Turkey may emerge as the gateway of agricultural exports, mainly wheat, held up in the Black Sea region as Russian President Vladimir Putin has “in principle” agreed to allow the Recep Tayyip Erdogan government to move shipments from the Odesa Sea Port, taken over Kremlin in the Ukraine war.
Putin agreed to allow Turkey to clear the shipments in return for Ankara clearing the sea mines in the Black Sea region. The Erdogan government will create a naval corridor and escort wheat-laden ships to the Bosphorus Strait, an international waterway in north-western Turkey, going by preliminary discussions with the back of the US.
This will create a potential sea corridor for agricultural exports, especially from Ukraine, with Russia ensuring free movement with Turkey playing as the coordinator.
“This is an in-principle clearance given on Monday (May 30). Anything can happen until the mines are cleared and the ships begin moving out. But Russia will likely use this opportunity to export its wheat and fertiliser,” said S Chandrasekaran, a trade analyst in the know of the developments.
Putin and Erdogan agreed that Russian Foreign Minister Sergey Lavrov will discuss the issue further next week. Turkish Foreign Minister Mevlut Cavusoglu said Lavrov will arrive in Ankara with a defence delegation on June 8 when the safe shipment issue will be discussed, Reuters reported.
Turkey has come into the picture after Russia declined offers from the UK and Italy to clear the sea mines in the Black Sea. “There will be a lot of distrust on both sides over the demining operations. Ukraine could suspect a Russian attack, while Kremlin could fear the shipping of weapons to Kyiv. It will take at least a month before the protocol could be put down in writing,” he said.
But once this happens, then Turkey traders would take advantage and buy these products. In turn, they could turn suppliers for other countries, the analyst said.
The development comes at a time when Ukraine is finding it difficult to send wheat consignments to Europe and other nations by railway rakes through Poland, Hungary, Romania and Slovakia. Basically, Turkey will facilitate safe exports of Ukraine’s agricultural products, mainly wheat and corn (maize).
“The problem is that the Ukraine railway gauge and Europe’s gauge are incompatible. The wheat has to be unloaded from one wagon and loaded onto another or they have to send it by container, which will have to be physically lifted from one train to another,” he said.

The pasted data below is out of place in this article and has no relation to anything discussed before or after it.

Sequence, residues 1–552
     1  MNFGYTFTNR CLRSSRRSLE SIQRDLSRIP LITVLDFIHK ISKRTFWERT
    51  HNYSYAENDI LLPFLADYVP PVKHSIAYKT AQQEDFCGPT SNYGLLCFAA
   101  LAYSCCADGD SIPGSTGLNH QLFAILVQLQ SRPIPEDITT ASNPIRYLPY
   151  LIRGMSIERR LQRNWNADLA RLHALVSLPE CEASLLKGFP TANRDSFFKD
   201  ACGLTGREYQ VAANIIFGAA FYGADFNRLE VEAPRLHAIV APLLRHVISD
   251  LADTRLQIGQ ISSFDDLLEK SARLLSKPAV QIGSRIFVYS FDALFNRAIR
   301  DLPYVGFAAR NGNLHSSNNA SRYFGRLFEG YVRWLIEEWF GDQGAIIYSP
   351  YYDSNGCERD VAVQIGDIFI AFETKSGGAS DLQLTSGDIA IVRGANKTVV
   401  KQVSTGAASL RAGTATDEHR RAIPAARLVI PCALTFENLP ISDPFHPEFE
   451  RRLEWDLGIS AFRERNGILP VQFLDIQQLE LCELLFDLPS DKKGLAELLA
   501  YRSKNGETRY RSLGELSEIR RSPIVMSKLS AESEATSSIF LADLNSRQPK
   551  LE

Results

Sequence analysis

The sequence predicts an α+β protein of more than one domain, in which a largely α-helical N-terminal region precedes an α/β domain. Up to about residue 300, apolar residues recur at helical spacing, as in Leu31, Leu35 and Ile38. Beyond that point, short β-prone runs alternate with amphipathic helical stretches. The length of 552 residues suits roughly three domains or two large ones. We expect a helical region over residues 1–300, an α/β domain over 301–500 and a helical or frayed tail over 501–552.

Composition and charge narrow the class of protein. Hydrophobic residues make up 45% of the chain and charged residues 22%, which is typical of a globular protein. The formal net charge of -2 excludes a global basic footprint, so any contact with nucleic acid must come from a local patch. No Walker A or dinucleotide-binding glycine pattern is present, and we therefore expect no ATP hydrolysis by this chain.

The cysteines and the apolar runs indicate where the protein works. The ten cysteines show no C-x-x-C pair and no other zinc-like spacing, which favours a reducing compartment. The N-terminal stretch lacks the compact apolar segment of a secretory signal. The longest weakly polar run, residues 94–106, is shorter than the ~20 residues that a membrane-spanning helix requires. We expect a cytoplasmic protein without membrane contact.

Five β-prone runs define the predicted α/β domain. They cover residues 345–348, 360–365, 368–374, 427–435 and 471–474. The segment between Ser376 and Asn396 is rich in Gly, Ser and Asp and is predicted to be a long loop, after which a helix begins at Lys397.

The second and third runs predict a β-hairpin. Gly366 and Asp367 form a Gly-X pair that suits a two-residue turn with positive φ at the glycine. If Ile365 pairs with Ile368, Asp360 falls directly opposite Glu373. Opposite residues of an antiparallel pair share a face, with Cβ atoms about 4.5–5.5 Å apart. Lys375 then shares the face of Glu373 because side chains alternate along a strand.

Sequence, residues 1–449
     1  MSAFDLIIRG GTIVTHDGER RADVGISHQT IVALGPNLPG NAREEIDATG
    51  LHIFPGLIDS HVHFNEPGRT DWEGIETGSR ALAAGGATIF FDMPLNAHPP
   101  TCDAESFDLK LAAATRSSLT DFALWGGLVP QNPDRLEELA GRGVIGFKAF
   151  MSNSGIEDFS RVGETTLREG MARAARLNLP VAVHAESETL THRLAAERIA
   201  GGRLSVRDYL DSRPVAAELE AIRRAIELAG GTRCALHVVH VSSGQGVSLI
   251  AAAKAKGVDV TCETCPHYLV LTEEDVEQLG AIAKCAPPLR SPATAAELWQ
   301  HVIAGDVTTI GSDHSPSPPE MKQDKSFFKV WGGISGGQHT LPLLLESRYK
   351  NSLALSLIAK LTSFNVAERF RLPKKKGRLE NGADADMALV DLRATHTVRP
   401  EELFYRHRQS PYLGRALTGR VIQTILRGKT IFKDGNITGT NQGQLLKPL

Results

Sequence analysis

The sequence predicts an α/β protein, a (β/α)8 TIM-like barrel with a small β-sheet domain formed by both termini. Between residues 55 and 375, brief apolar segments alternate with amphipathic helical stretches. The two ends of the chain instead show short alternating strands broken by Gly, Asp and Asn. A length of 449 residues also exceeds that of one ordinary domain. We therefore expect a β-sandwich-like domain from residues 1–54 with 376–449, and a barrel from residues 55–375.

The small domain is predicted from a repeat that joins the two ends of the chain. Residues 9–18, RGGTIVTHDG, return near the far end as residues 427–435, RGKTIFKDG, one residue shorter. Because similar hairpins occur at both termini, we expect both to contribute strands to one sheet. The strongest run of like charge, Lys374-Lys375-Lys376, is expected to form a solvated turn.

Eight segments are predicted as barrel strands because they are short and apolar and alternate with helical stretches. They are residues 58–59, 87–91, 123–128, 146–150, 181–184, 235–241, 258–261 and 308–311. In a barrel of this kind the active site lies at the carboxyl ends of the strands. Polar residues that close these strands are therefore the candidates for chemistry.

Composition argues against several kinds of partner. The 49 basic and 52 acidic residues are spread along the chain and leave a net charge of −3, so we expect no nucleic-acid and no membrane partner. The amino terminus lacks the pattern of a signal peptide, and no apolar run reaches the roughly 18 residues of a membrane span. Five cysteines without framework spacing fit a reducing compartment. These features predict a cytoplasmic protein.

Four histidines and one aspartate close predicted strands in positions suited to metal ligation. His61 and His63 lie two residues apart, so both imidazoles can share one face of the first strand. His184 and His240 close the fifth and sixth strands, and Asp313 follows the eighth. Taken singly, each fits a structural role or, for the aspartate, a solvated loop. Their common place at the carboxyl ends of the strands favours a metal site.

Some 467 wagons were handled in the four European nations and the incompatibility resulted in a delay in shipments as they had to handle them physically, the analyst said. “A Ukraine railway rake can handle only 1,900 tonnes, whereas an Indian railway rake can transport 2,400 tonnes,” he said.
On the other hand, Ukraine is also facing hurdles in sending wheat on barges through the Danube river with delays ranging from four to 10 days at the borders. Currently, trucks have queued up for over 20 km as only seven barges are being cleared each day on the Danube.
“There are logistical problems. Unless the inspection capacity is raised and technical snags are resolved, the volume of Ukraine wheat, in particular, being sent will not increase,” Chandrasekaran said.
There are other problems too for moving the wheat by road. Private trucks are reluctant to move agricultural consignments as insurance firms are not covering the risk of Russian bombing or strafing. “As a result, a convoy of six barges moves on the river totally transporting 18,000 tonnes,” he said.
Russia’s move to allow a safe passage for the shipments is seen as one trying to portray Ukraine as a culprit and comes at a time when the United Nationals World Food Program is fighting to feed millions of vulnerable sections.
Chandrasekaran said Turkey’s offer is backed by the 1936 Montreux Convention in which it was the arbiter for in and out of the Black Sea. “Since the US is backing the agreement, NATO will not impose sanctions on it. Any party involved in removing the sea mines has to spend at least a fortnight,” he said.
Indian wheat rejection
The analyst said this could also have been a reason for Turkey to reject an Indian Durum wheat shipment. The 56,877-tonne shipment was rejected on phytosanitary grounds that Rubella disease was present on the wheat.
However, the Indian seller, ITC Ltd, and the buyer, a Dutch trading house, have both received payments from the Turkish firm that bought the consignment from them, indicating that there could be more than what meets the eye.
The Russian-Turkey talks are crucial for controlling inflation, particularly in food commodities such as wheat, corn and oilseeds. Ever since the Russia-Ukraine conflict broke out on February 24, prices of these commodities have surged resulting in inflation soaring.
The latest development has seen benchmark wheat prices drop by over 7 per cent to a four-week low of $10.56 a bushel ($388 a tonne) on the Chicago Board of Trade (CBOT). Benchmark corn prices on CBOT have declined by about 5 per cent to $7.29 a bushel ($287 a tonne).
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